HFST (Helsinki Finite-State Technology, a research group at the University of Helsinki) has developed a Python package for doing lookup on weighted
finite-state transducers, and we believe this might prove useful as a
morphology component for NLTK.
Our main software package is a C++ library that interfaces between a lot of finite-state libraries and formalisms (OpenFst, SFST, foma, xfst), and we also develop specific finite-state applications on top of these. Often the end product is used via transducer lookup (or "apply down" or similar in xfst), where an input (say, an inflected word form) is transformed (into, say, a morphological analysis, base form, valence class, what have you). Classic tasks like morphological
analysis, morphological generation, stemming and hyphenation are
available for a number of languages, and there have been efforts into
things like synonym retrieval and inflecting translation dictionaries.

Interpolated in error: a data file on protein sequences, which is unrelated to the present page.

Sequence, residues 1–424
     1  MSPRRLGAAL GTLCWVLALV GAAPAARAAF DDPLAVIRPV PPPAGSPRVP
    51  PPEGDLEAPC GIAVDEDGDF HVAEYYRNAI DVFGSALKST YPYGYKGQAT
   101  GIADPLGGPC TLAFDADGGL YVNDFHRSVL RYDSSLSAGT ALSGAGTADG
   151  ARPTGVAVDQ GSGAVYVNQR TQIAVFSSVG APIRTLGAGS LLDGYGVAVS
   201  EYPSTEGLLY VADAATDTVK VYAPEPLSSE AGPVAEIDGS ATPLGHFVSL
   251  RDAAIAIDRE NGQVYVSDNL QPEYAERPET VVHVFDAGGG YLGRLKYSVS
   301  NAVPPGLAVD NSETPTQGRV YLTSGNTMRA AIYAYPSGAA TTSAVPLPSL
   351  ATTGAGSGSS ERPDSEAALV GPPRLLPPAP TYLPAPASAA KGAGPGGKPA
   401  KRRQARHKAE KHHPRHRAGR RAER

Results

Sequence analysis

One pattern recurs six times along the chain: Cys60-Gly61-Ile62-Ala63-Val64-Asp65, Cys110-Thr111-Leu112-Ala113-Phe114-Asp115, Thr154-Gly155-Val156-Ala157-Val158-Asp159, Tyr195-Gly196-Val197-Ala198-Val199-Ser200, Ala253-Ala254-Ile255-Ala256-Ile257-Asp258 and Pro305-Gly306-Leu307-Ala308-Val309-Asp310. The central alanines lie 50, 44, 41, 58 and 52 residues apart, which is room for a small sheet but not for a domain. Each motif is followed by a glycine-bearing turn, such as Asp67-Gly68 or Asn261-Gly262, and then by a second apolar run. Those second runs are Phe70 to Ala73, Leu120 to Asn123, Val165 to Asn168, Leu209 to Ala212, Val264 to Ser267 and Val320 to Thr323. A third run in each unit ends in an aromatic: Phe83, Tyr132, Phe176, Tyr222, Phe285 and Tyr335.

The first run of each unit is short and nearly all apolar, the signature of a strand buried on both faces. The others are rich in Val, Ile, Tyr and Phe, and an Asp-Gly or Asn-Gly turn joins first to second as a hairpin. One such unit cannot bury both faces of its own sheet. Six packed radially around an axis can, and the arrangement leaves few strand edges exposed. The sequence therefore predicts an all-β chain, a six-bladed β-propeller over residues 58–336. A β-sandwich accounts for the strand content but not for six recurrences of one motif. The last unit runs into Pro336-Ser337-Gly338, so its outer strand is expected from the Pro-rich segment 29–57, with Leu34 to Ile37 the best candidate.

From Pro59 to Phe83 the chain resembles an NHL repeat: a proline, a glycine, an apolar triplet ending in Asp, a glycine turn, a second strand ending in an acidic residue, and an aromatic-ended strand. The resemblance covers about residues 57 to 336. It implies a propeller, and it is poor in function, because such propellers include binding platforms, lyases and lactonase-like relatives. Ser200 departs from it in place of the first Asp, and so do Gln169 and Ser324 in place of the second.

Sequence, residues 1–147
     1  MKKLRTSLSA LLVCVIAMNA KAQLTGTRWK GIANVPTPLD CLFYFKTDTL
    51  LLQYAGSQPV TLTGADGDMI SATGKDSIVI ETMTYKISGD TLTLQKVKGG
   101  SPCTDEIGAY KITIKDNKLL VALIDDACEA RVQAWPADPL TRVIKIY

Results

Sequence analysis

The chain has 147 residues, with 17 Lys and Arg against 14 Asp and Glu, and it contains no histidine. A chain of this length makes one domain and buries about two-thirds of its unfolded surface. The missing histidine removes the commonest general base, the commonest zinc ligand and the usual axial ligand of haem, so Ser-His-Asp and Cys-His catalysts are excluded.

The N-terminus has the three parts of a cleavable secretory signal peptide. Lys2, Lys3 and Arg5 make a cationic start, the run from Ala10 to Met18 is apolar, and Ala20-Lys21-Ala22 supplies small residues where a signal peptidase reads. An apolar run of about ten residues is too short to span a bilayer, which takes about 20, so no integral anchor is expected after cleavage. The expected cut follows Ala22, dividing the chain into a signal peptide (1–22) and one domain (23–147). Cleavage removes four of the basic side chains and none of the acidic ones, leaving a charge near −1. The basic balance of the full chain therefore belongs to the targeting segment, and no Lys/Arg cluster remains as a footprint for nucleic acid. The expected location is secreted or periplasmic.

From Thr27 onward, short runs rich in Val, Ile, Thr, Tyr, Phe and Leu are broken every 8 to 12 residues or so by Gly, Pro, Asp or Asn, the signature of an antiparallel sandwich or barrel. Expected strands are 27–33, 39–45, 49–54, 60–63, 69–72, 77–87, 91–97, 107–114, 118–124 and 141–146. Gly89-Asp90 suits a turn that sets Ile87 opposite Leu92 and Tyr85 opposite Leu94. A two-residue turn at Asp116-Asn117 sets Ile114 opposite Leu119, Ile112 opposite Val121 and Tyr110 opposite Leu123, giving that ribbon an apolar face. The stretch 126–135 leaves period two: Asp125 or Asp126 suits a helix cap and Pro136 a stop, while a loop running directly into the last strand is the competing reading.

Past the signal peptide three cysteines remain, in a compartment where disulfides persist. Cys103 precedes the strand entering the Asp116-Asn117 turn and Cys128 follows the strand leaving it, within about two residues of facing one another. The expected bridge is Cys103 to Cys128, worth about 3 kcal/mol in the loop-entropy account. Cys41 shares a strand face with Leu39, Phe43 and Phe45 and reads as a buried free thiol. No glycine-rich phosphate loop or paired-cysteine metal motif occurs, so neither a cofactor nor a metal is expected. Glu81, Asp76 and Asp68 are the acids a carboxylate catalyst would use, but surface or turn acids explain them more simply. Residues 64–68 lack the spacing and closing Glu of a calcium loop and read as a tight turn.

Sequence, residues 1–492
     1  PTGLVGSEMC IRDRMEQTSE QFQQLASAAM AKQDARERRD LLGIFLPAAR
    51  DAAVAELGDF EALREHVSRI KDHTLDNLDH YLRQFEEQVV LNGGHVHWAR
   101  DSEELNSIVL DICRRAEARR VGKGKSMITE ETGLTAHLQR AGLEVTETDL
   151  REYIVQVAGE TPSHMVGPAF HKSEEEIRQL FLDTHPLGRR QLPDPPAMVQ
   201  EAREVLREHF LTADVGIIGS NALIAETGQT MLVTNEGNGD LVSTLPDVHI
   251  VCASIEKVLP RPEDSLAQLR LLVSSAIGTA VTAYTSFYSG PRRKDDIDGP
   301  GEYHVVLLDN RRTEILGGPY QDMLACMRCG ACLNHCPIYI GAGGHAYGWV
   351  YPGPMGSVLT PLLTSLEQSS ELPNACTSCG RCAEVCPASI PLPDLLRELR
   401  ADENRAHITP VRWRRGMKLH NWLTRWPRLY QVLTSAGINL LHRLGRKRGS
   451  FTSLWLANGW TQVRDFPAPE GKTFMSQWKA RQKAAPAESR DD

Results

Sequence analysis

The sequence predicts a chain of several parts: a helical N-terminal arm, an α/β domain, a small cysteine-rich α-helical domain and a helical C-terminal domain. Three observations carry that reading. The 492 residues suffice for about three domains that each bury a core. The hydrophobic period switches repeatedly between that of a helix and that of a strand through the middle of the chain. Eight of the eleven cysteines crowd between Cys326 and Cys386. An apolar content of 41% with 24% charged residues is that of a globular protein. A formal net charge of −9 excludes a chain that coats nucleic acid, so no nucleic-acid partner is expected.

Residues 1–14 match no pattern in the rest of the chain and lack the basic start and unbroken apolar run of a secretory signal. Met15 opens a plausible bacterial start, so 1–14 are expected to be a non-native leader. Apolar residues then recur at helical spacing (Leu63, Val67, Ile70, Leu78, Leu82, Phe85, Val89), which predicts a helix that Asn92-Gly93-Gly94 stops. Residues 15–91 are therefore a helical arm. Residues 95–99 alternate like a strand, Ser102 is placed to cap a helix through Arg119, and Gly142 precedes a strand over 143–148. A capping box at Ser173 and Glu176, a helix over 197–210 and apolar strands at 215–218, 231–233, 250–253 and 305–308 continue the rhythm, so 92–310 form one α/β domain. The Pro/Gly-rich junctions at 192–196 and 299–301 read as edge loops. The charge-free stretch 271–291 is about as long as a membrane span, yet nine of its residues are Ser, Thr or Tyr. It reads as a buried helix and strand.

For lookup, there's native Python code (which is not that fast), and a C++ backend
with SWIG bindings, which is quite fast. Take a look at the Python
package here https://sourceforge.net/projects/hfst/files/optimized-lookup/
and see if you can run the stuff in hfst-optimized-lookup-python. /swig contains the fast C++ stuff.
>>> import hfst_lookup
>>> t = hfst_lookup.Transducer("french.hfst.ol")
>>> results = t.lookup("passant")
>>> # the results come back as a tuple of pairs of the output and a weight, zero here for an unweighted transducer
>>> # or let's get the possible analyses for each word in the sentence
>>> sentence = "ma tante est fou"
>>> map(lambda x: (x, t.lookup(x)), sentence.split())
[('ma', (('mon+functionWord', 0.0), ('ma+functionWord', 0.0))),
('tante', (('tante+commonNoun+feminine+singular', 0.0),)), ('est',
('fou', (('fou+adjective+singular+masculine', 0.0),
The package is ready for playing around NLTK with, but in principle it
could also be included in NLTK proper if it proves useful. The relevant code is currently
dually licensed under Apache and GPL3.
We are aware that inclusion in NLTK itself might require looking into
compatibility and coding standards, and could be able to help with that.